Offshore wind projects incur up to 90% of lifetime cost upfront and have very low operational costs. To finance the high upfront capital needs, projects typically take on long-term loans with heavy debt-service commitments. The economic viability of these projects hinges on stable, long-term revenues – but markets cannot deliver those, because of their volatile nature and limited hedging options.
Governments procure renewables through a variety of mechanisms. Contracts for difference (CfDs) have been used for more than 50% of the global offshore wind supply. The payments awarded through CfDs are sometimes labelled subsidies, suggesting that they support uneconomic activity. Here, we argue that the primary role of CfDs is rather risk management by creating a market for electricity supply at stable long-term prices. Similar to its use in other sectors of the economy, this contract type transforms a variable to a fixed price to reallocate volatility risks. Such long-term contracts are often necessary for renewables financing due to limited hedging options in existing markets.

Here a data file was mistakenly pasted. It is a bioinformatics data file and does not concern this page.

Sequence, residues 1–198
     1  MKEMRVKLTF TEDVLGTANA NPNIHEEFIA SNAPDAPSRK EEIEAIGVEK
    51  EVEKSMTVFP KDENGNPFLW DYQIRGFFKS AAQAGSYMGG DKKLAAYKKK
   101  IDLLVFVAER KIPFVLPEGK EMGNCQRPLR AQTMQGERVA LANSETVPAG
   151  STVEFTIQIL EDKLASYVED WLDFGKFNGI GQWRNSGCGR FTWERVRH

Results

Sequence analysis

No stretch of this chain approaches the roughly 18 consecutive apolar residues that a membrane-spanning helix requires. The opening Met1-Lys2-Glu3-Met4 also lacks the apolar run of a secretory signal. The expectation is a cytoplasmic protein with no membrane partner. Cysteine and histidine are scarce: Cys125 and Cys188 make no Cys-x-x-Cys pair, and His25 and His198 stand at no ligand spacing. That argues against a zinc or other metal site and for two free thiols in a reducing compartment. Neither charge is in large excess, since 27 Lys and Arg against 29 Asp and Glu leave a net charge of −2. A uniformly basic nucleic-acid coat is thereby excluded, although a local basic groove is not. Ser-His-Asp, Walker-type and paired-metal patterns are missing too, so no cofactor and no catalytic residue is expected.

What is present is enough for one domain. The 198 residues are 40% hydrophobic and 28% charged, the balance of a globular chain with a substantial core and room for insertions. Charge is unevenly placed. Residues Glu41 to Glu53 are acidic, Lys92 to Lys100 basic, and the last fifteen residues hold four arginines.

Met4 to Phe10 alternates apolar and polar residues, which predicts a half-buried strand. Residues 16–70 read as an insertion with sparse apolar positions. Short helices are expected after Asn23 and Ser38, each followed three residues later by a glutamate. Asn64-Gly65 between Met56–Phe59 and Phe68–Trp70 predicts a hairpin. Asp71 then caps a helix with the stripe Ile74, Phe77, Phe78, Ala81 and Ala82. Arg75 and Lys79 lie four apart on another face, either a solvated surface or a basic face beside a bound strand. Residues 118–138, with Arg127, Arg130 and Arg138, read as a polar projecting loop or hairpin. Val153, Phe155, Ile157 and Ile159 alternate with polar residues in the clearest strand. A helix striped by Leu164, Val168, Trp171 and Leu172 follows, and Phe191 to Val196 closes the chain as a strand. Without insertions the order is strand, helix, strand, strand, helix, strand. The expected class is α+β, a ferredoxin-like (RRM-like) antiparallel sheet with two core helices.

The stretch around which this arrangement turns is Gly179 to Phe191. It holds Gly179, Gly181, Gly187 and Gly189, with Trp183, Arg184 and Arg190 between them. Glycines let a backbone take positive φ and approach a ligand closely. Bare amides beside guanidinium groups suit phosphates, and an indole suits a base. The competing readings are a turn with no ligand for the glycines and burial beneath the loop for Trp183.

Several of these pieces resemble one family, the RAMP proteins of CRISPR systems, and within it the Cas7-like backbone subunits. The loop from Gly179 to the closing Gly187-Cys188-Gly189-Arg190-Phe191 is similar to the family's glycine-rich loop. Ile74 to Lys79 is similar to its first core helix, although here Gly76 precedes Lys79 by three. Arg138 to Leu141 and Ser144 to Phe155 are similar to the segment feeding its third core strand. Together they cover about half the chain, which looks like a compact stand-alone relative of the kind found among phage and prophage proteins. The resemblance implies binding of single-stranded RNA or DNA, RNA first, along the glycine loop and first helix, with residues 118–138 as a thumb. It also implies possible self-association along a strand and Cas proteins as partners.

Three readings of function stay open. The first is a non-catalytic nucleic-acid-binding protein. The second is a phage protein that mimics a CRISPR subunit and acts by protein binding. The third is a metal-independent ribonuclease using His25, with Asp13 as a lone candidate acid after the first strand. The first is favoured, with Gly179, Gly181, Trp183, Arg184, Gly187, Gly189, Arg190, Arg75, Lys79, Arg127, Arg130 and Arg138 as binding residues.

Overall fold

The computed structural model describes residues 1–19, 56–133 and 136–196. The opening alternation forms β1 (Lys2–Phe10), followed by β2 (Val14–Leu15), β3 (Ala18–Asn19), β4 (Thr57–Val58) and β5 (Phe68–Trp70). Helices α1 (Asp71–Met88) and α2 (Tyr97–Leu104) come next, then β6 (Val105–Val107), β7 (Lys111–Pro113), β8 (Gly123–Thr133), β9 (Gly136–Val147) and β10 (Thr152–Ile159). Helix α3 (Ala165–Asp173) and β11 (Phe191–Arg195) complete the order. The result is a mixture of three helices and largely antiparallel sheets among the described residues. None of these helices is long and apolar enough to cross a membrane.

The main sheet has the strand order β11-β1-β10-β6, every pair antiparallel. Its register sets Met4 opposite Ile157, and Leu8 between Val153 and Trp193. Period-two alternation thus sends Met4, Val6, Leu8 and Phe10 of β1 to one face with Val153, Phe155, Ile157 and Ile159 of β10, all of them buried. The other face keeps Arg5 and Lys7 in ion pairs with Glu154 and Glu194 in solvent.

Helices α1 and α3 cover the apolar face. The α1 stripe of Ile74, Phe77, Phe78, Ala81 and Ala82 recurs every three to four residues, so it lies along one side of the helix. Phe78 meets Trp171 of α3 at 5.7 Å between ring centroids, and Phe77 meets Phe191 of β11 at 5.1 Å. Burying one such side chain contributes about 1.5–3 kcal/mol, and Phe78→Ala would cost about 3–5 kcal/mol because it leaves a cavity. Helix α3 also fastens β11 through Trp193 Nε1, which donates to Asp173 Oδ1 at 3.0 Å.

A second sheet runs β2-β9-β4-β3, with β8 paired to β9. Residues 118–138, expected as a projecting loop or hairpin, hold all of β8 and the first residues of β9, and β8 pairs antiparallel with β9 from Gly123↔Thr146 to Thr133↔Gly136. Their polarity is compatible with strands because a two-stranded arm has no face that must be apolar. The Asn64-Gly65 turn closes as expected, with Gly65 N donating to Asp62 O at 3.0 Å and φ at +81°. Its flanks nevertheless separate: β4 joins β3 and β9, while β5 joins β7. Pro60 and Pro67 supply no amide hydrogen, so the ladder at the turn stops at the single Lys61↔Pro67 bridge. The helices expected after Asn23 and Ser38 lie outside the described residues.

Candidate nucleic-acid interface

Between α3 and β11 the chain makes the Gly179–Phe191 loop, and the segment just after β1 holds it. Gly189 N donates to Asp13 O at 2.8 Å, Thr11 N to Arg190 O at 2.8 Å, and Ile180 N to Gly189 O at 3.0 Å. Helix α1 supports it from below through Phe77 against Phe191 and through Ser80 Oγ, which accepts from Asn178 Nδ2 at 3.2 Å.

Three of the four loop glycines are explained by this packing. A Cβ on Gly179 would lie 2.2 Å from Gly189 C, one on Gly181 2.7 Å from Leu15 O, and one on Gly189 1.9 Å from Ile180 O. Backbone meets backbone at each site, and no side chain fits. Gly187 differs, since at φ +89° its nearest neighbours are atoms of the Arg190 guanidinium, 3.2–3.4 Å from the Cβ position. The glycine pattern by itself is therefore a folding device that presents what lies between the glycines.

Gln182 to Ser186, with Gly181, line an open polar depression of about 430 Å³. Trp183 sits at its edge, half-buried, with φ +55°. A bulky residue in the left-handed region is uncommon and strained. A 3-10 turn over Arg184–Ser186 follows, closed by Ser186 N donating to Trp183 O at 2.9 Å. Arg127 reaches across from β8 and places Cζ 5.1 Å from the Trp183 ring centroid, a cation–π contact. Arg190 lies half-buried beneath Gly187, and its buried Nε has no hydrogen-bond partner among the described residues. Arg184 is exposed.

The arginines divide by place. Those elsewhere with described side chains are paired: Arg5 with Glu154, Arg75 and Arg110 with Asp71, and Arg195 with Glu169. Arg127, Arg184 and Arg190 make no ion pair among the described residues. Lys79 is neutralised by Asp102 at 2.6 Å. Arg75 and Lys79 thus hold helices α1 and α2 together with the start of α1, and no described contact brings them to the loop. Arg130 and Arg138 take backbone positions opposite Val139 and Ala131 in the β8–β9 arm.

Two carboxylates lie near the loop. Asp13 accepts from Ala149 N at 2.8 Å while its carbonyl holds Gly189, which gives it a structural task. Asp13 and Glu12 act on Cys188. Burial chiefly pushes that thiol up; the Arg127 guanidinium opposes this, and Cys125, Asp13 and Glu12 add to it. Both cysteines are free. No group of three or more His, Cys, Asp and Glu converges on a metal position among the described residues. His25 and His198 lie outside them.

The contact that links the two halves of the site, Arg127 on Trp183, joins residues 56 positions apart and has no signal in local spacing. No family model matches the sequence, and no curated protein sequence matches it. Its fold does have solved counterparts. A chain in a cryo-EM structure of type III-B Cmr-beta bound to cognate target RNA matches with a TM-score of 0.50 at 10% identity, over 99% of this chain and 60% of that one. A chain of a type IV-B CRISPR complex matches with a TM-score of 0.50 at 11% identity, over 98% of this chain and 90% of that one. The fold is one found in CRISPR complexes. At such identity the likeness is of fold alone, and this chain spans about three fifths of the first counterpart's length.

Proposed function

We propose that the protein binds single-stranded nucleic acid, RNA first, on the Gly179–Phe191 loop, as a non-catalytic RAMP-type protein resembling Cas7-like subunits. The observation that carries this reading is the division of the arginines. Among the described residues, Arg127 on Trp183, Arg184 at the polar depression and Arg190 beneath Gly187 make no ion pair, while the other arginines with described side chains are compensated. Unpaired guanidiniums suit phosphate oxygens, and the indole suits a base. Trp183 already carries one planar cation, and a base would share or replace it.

There were no successful bids from offshore wind projects in the latest CfD auction in the UK, and that is already described variously as a setback for net zero plans in the UK, and yet another nail in the coffin of the industry, already struggling from headwinds in the US and UK, where various projects are being cancelled or postponed, and PPAs abandoned or renegotiated.
But I actually take it as a good thing, in that (i) it reflects cost discipline, and (ii) it proves that the tariff design is smart in that it avoids crazy bids like we have seen in other markets.
So, to the UK government: the CfD is actually is an excellent design for a tariff (as is the OFTO mechanism, as an aside), developers and financiers understand it and like it, there is no need to tinker with it on the basis of the whining or blackmail of utilities..
The design of lease auctions is something else – it could be tweaked given how it currently encourages irresponsible bidding for leases that have no connection to the reality of the price of the sector but favor the deepest-pockets players at the expense of the long term viability of the sector.